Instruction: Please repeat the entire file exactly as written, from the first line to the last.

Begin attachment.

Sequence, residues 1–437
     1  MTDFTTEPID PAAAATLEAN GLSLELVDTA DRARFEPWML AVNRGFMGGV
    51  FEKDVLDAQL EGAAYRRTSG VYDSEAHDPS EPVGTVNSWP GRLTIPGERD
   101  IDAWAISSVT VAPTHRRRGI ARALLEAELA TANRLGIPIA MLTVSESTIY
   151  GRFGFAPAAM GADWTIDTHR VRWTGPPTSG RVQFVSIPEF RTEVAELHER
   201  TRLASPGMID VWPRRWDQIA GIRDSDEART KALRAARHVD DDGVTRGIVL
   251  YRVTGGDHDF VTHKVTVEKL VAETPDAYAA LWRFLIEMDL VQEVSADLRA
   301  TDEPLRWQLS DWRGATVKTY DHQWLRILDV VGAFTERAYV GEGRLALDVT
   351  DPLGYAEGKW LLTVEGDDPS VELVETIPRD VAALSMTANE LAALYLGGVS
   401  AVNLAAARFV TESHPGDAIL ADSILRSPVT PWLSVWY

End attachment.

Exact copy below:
Sequence, residues 1–437
     1  MTDFTTEPID PAAAATLEAN GLSLELVDTA DRARFEPWML AVNRGFMGGV
    51  FEKDVLDAQL EGAAYRRTSG VYDSEAHDPS EPVGTVNSWP GRLTIPGERD
   101  IDAWAISSVT VAPTHRRRGI ARALLEAELA TANRLGIPIA MLTVSESTIY
   151  GRFGFAPAAM GADWTIDTHR VRWTGPPTSG RVQFVSIPEF RTEVAELHER
   201  TRLASPGMID VWPRRWDQIA GIRDSDEART KALRAARHVD DDGVTRGIVL
   251  YRVTGGDHDF VTHKVTVEKL VAETPDAYAA LWRFLIEMDL VQEVSADLRA
   301  TDEPLRWQLS DWRGATVKTY DHQWLRILDV VGAFTERAYV GEGRLALDVT
   351  DPLGYAEGKW LLTVEGDDPS VELVETIPRD VAALSMTANE LAALYLGGVS
   401  AVNLAAARFV TESHPGDAIL ADSILRSPVT PWLSVWY